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    Lithuania risk: Alert – Natural gas cut-off from Russia could halt industrial production


    June 24, 2022 - Risk Briefing

     

      NEW SCENARIO

      Risk Briefing's risk scenarios are potential developments that might substantially change the business operating environment over the coming two years. We analyse the drivers, provide the context and conclude with recommended action. The following scenario has been added to the latest country update

      FOREIGN TRADE & PAYMENTS RISK

      Russia withholds supplies of natural gas

      Low probability; V High impact; Risk intensity=10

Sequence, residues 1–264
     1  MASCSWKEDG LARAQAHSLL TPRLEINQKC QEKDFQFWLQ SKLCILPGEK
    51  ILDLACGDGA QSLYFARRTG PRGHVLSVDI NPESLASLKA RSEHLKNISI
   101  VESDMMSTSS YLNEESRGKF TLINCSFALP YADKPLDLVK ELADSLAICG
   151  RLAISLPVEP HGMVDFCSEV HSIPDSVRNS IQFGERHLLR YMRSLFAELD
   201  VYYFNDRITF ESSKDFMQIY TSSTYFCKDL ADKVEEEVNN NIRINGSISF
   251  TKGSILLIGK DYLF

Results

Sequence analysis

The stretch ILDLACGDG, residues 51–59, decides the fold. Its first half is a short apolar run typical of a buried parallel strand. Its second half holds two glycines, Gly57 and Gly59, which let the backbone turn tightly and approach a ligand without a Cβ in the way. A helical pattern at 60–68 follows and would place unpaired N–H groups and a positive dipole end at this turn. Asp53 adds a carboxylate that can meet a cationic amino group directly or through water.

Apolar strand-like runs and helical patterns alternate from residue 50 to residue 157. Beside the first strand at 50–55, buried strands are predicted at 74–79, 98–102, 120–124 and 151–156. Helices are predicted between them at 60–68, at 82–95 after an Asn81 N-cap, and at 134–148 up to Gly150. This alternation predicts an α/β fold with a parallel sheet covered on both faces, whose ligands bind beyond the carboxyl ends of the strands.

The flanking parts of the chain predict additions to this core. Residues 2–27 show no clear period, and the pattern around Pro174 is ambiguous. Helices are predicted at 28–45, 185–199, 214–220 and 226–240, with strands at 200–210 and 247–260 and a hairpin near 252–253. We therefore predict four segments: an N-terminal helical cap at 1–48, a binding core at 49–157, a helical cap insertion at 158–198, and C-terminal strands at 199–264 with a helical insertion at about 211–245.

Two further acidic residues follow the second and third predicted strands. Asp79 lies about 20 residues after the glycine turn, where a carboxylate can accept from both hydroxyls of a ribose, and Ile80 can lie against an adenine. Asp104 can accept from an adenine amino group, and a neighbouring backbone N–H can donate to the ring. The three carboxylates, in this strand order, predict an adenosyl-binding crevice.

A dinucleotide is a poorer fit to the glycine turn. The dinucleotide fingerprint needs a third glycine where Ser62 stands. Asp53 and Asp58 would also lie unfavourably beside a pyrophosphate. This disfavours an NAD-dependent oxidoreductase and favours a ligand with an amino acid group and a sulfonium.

Russia's invasion of Ukraine has amplified concerns about the stability of gas supply to Europe. In late 2021 there were claims that Russia's largest producer and dominant gas exporter, Gazprom, was deliberately cutting back supplies for political reasons and raising international gas prices, although Gazprom stated that it was complying with all of its contractual obligations. However, in January 2022 as tensions over Ukraine increased steadily, Russian pipeline flows to Europe were up to 50% below the average in the previous three years. With Western countries imposing more sanctions in response to Russia's invasion, there is a possibility that Russia will retaliate by withholding gas exports from the European market. Europe imports 40% of its gas from Russia, but dependence on Russian gas varies across the region (Germany sources 55% of its gas from Russia), and it would be difficult (and costly) to source gas imports from an alternative market. A cut-off of supplies would, therefore, seriously negatively affect the European energy supply, even with further increases in LNG imports. However, gas exports represent a major source of foreign exchange for Russia. Although the regime has amassed significant foreign reserves, it could not easily absorb a prolonged and large-scale supply cut to Europe (making this a low-risk scenario). However, short-lived reductions in supply by Gazprom are much more likely, which will keep international gas prices at high levels. This will feed through to higher utility prices for businesses and consumers. Eastern Europe, including Lithuania, is highly dependent on external demand from Germany. In the case of a natural gas cut-off, industrial production would likely contract significantly, sending ripple effects throughout Europe. Businesses should factor in high energy prices throughout the rest of 2022 and 2023.

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